Art imitates life–at least, it seems so in the case of writer Margaret Maron. Her two mystery series bear striking similarities to her own life. The famed mystery author grew up on a tobacco farm in North Carolina where she experienced the old traditions that still ruled the South. Maron and her husband eventually moved to Brooklyn, and city life inspired Maron’s first mystery series involving a detective named Sigrid Harald. It seemed like Maron had found a niche in the cosmopolitan crime genre with her homicide detective heroine, but the best was yet to come.
After her stint in Brooklyn, Maron and her husband moved back down South. She was reminded of small town gossip and the quietness of rural living, which inspired her next, most beloved series: the Deborah Knott mysteries. In each Deborah Knott novel, Maron explores a new, distinct facet of Southern living–from fake politeness to an illegal whiskey business.
Despite the many differences in Maron’s two heroines, one thing is clear: They are both strong, empowered women in a genre dominated by men when Maron first started writing in the 1980s. This list includes some of her most compelling reads from both of her series.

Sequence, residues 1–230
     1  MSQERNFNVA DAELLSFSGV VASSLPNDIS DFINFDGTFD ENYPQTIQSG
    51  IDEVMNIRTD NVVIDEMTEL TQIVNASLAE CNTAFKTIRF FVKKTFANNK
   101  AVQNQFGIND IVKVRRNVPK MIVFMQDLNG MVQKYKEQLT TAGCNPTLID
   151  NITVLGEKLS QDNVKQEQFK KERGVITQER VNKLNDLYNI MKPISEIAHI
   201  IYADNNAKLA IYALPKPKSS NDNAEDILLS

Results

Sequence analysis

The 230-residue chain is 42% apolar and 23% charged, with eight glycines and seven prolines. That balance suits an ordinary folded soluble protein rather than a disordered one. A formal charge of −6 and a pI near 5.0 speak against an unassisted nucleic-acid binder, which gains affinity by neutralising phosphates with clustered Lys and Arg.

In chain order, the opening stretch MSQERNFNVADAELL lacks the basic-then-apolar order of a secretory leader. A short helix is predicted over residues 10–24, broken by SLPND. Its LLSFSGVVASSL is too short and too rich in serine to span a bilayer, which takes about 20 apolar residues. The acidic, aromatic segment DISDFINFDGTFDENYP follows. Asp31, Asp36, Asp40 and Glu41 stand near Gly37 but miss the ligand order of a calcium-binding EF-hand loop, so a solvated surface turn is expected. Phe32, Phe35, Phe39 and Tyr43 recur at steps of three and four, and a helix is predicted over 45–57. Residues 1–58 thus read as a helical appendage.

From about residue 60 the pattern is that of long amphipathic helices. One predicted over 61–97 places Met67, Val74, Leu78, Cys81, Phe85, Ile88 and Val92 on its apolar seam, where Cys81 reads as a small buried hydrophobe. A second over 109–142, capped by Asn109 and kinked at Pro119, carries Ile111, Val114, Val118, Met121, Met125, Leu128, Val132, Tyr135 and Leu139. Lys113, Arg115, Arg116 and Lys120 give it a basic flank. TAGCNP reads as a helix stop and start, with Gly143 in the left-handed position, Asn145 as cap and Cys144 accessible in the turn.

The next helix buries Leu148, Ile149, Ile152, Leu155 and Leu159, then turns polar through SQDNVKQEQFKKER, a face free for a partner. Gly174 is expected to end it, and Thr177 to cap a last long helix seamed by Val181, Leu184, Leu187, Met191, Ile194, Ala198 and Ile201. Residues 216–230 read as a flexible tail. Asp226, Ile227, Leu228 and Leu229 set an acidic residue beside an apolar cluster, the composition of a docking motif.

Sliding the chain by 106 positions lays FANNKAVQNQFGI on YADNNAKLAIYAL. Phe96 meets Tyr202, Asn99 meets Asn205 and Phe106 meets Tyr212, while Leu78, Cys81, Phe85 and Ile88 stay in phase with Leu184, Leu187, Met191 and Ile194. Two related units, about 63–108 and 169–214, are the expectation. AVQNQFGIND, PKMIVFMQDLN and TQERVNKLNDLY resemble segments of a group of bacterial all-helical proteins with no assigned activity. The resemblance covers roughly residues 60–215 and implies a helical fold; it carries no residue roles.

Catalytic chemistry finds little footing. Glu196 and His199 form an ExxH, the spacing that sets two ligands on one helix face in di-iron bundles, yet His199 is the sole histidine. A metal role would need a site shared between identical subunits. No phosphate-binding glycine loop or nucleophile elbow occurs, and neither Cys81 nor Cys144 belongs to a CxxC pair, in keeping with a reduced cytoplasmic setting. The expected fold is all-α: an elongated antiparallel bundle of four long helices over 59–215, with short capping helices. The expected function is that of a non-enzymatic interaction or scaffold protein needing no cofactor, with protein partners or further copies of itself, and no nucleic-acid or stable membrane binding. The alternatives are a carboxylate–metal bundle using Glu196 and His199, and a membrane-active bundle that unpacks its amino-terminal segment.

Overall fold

The first novel of the Deborah Knott series shows the dark side of Southern charm. Attorney Deborah Knott returns to her small town in North Carolina to campaign for the role of district judge, but she soon finds herself wrapped up in an 18-year-old murder investigation. It’s personal for Deborah, as she babysat the daughter of the woman who was killed. New evidence could ruin Deborah’s campaign and implicate her in a crime she claims she had nothing to do with.
The novel includes Deborah’s family tree at the beginning–and you’ll need it. Southern roots run deep in this book, and Deborah’s forward-thinking nature stands out in her small town. This introduction to the savvy, smart, Southern heroine packs a punch.
Maron tackles racial divide in the South in the sixth installment of the Deborah Knott series. When Deborah’s nephew is arrested in connection to a racially motivated hate crime, she faces intense public scrutiny that could derail her reelection campaign. More importantly, she wonders if she even knows her nephew at all.